Transportation innovations like canals and railroads were funded by companies that had investors. Capitalist ventures like the Erie Canal proved successful in making a profit through the volume transport of goods. As a large country, carrying goods across distances was more important in the U.S. than in Europe. Railroads, invented in Europe, became popular as urbanization and population increased.


Erie Canal

Early railroads

Cotton cloth manufacture



Jackson elected

Tariffs raised


Bank War




Mexican War and Expansion

As southern cotton farmers and cattle rangers expanded westward, Texas became a battleground. The entire southwest of the future US was owned by Spain until the revolution of 1821, which made Mexico an independent nation. The new country permitted Stephen Austin to establish a legal settlement of Anglo-Americans in Texas the following year.

Primary source: The	Storming of Independence Hill at the Battle of Monterey. September 1846. Copy of lithograph by Kelloggs & Thayer, circa 1847.
Primary source: The Storming of Independence Hill at the Battle of Monterey. September 1846. Copy of lithograph by Kelloggs & Thayer, circa 1847.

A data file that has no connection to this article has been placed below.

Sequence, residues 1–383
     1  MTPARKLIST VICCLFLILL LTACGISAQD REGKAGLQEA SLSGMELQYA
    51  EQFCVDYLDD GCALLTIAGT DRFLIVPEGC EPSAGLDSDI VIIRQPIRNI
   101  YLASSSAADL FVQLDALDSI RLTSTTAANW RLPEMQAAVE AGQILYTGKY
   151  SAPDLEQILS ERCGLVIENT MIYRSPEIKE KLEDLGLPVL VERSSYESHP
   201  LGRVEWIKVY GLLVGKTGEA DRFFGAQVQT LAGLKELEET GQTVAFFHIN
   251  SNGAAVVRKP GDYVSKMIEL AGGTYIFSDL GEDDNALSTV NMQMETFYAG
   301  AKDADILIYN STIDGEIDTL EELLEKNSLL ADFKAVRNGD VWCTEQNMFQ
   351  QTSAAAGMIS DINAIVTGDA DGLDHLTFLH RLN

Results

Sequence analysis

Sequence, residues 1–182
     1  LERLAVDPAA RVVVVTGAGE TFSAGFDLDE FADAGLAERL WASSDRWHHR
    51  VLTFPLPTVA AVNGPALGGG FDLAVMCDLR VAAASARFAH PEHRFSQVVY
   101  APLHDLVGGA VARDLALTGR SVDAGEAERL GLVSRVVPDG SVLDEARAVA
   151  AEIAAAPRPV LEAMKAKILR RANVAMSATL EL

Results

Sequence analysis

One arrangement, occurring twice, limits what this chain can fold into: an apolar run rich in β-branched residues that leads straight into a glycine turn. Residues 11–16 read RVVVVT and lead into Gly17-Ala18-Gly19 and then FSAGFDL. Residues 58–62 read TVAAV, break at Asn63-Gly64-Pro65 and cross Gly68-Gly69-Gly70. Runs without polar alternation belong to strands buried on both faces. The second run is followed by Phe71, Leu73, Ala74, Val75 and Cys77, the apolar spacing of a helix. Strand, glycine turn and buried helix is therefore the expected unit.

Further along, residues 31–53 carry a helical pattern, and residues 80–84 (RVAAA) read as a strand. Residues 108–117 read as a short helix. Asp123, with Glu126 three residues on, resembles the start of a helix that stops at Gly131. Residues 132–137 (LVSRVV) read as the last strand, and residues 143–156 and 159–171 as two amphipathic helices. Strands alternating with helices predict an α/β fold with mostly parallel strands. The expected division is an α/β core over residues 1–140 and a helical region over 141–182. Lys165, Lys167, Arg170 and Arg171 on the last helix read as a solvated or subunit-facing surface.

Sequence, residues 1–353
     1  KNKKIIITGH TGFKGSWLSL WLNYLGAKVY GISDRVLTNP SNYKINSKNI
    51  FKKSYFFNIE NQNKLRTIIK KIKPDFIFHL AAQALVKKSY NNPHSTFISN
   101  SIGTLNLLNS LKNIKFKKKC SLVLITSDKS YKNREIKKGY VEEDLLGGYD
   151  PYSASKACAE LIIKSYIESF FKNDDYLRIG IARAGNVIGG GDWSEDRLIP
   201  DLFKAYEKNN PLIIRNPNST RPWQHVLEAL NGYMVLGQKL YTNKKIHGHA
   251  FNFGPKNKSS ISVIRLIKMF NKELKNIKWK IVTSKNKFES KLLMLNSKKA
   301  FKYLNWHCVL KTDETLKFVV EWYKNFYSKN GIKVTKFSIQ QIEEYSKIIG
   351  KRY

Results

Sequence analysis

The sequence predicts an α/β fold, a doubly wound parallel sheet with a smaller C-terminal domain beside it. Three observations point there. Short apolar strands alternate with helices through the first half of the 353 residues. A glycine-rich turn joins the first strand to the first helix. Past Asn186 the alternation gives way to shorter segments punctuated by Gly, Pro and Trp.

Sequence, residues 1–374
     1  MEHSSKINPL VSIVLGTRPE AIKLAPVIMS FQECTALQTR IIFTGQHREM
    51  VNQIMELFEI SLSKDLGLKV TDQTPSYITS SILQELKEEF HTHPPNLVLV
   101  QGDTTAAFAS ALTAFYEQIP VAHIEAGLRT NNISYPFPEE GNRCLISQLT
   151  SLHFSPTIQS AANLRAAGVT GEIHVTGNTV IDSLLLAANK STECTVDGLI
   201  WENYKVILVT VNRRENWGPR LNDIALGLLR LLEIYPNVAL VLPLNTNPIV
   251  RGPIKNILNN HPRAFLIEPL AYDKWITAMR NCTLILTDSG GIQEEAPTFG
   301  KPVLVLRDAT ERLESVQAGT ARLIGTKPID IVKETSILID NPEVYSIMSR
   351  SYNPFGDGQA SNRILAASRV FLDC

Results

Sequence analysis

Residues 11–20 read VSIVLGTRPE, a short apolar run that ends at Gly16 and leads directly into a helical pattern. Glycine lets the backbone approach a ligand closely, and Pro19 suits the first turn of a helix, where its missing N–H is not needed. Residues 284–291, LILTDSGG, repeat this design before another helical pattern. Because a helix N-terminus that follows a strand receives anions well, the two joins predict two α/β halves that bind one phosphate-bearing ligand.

American Texans became wealthy and powerful, flaunting Mexican law and entertaining ideas of breaking away from Mexico and applying for U.S. statehood. In 1830 Mexico forbade further colonization and attempted to outlaw slavery in the region. The American settlers rebelled, declaring themselves independent in 1836. The Mexican army massacred Texan forces at the Alamo, but the army of Americans under Sam Houston won the war against Mexico.

The anti-slavery Whigs in Congress were in no hurry to admit Texas to the United States. Texas became an independent country, briefly a monarchy but then a republic. President Polk annexed Texas in 1845, and a few months later the Mexican War broke out between the U.S. and Mexico over the border. Many protested that war, because it was seen as being fought for the expansion of slavery. Philosopher Henry David Thoreau was willing to go to jail rather than pay the poll tax which supported the war.

California had similarly been a northern outpost of Mexico. In 1846 American settlers in California rose against Mexico in the Bear Flag Revolt, intending to make California an independent republic like Texas had been. With the Mexican War beginning, American forces seized California. The treaty with Mexico at the end of the war left California a territory of the United States, and in 1849 gold was discovered in northern California. This spawned a Gold Rush, where adventurers and fortune-hunters arriving by land and sea hoped to strike it rich. In the Compromise of 1850, California was admitted as a free (non-slave) state. Such Congressional efforts to maintain balance and fairness between free and slave states, however, were only putting off a crisis pitting sections of the country against each other.

Texas declares independence from Mexico


Mexican War

Thoreau writes "Civil Disobedience"